New Territory

Entering a new area to prospect for fossils is always tricky, but the rewards are worth the trials. Even after spending weeks preparing for the expedition, the work on the ground can only be tackled, well… on the ground.  Once our team arrived in a new area, it takes time to figure out land ownership issues, find a workable camp spot, get to know which “roads” will take you within hiking distance to the rocks you want to explore, learn the weather patterns; find the sticky spots, instant rivers, and slick roads (usually by trial and error) and in the middle of that, learn the stratigraphy so you can find the right age rocks, and then of course, try like heck to find fossils in the time you have.

This Spring we’ve partnered with the White Mountain Dinosaur Exploration Center (WMDEC) in Springerville Arizona to hunt for Turonian dinosaurs in an area of eastern New Mexico that they’ve been working for decades. Several important species have been described including Nothronychus and Zuniceratops; however, dinosaurs of this age are still poorly known overall. For those of us trying to piece together dinosaur evolution in the Cretaceous, gaps in our knowledge like these can only be overcome by intense fieldwork and sheer luck. In other words, we can’t answer the scientific questions we want to unless we find more dinosaurs and that’s exactly what we’re out here to do. But hunting dinosaurs in this area isn’t easy. In comparison to many other areas we’ve worked, dinosaur bone here in the Moreno Hill Formation is rare.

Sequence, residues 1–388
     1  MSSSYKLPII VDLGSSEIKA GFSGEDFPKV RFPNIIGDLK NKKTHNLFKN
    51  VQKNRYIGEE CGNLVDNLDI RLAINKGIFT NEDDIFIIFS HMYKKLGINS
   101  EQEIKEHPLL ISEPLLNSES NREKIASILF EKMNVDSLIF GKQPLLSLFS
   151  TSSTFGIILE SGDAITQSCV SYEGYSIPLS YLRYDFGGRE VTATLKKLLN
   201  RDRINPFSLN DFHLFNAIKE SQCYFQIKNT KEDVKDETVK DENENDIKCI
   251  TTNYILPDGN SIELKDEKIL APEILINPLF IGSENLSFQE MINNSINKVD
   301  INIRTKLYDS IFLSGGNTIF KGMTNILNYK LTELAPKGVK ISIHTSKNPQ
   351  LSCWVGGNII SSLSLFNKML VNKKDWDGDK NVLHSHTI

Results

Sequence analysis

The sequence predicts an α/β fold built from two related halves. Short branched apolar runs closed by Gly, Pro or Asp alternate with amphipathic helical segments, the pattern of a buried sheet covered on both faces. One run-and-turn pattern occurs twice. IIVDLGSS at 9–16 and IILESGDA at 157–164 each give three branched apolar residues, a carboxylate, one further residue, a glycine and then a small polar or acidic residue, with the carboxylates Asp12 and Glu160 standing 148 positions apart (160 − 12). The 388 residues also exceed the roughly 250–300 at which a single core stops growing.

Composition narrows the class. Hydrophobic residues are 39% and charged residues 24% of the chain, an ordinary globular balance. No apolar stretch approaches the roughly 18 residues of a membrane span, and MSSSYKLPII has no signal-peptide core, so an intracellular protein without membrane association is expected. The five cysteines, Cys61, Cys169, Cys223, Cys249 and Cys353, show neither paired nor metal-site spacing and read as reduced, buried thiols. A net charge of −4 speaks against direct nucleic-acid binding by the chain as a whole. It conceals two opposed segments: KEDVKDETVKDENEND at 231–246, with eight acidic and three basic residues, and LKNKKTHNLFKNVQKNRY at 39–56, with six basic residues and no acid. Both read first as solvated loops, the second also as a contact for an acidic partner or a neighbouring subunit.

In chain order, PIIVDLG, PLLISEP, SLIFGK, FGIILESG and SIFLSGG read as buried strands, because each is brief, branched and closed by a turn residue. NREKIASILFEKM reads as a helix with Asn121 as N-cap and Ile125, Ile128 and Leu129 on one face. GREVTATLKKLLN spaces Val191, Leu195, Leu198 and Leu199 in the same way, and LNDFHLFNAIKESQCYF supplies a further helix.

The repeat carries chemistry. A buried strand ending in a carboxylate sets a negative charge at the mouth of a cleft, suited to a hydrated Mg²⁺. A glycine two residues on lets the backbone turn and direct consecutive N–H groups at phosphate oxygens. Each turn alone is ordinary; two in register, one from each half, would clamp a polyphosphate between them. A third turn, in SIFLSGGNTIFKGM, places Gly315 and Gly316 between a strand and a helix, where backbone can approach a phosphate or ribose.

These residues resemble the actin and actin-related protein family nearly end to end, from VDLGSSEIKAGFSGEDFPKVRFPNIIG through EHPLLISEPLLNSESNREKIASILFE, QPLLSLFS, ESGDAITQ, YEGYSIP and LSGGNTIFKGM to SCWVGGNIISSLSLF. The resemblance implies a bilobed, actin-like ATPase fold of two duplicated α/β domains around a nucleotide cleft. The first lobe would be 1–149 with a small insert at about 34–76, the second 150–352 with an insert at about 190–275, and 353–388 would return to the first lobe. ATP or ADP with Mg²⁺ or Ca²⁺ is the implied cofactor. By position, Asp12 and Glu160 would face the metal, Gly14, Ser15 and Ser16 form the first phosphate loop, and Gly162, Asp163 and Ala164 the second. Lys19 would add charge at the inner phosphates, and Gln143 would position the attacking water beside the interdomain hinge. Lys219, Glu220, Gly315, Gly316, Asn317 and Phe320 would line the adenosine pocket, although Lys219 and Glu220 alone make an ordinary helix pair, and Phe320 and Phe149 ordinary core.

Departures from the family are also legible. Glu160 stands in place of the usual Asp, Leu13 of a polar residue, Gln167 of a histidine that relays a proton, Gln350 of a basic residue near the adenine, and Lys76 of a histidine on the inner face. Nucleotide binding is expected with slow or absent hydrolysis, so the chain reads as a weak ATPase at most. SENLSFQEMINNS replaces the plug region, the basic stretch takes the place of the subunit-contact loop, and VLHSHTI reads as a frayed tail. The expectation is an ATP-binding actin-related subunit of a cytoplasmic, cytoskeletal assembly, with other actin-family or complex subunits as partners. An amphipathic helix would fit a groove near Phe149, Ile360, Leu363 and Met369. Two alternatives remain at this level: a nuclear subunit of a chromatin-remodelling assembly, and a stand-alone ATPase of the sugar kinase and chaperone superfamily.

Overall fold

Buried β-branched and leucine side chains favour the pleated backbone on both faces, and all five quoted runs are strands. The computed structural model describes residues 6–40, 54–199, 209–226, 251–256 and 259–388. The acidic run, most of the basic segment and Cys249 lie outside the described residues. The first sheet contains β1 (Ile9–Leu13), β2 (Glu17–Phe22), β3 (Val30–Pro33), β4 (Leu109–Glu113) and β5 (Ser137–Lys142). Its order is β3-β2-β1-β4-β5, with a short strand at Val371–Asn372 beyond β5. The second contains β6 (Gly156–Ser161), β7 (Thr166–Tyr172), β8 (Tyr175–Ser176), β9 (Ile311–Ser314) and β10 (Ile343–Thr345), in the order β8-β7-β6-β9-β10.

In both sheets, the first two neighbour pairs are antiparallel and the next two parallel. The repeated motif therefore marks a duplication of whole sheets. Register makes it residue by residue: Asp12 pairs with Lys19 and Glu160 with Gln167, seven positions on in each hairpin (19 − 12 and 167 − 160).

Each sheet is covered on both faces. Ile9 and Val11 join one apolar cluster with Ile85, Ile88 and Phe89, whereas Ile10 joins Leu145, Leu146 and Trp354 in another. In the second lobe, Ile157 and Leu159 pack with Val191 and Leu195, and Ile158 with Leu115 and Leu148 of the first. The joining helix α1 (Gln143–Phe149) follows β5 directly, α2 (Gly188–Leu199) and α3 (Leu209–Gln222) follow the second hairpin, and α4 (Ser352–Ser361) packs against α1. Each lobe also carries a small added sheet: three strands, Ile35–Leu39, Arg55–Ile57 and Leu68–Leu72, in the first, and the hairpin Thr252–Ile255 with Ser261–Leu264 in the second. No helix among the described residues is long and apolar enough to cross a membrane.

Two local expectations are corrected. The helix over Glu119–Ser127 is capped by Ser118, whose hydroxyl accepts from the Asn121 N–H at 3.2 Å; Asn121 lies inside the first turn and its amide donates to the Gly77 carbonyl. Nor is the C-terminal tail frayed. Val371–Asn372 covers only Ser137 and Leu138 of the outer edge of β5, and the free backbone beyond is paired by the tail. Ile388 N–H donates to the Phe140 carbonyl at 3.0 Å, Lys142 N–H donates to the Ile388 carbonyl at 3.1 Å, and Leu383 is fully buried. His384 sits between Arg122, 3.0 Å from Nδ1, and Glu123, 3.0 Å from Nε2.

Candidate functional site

Our team spent the first four days hiking about 10 miles a day on the outcrop prospecting for dinosaur fossils and found absolutely nothing. To make things worse, the weather has been near freezing every night and we’ve been hit by ice or frigid rain everyday on the hills.

We keep coming back to the maps to figure out where we are and where we’re going next.
Sometimes the outcrop looks beautiful but … no fossil bone
The team huddles up in the cold

Since we weren’t finding much bone on our first few prospecting days, WMDEC told us about a turtle they found that needed to be collected. We were happy to take a break from hitting the hills to collect that specimen in the afternoon.

Jacketing the turtle for transport
The turtle makes it back to camp

Finally we hit the fourth basin in our target zone, with the exciting name of basin “D” on my map (not feeling very creative that day!). Our friends at WMDEC call this area Balloon Hoodoo and noted that they had found bone here years ago so we were hoping for a change of fate. In fact once we got in the basin there was a lot of bone in this area and we were thrilled to be finding some data at last! On just our first day in this basin we found many different sites, including some with beautiful bone. Now the trick will be finding where all of these skeletons are hiding in the hill. More to come!

Hiking out of the basin, whew!
Keith holds a chunck of dino leg bone he found today
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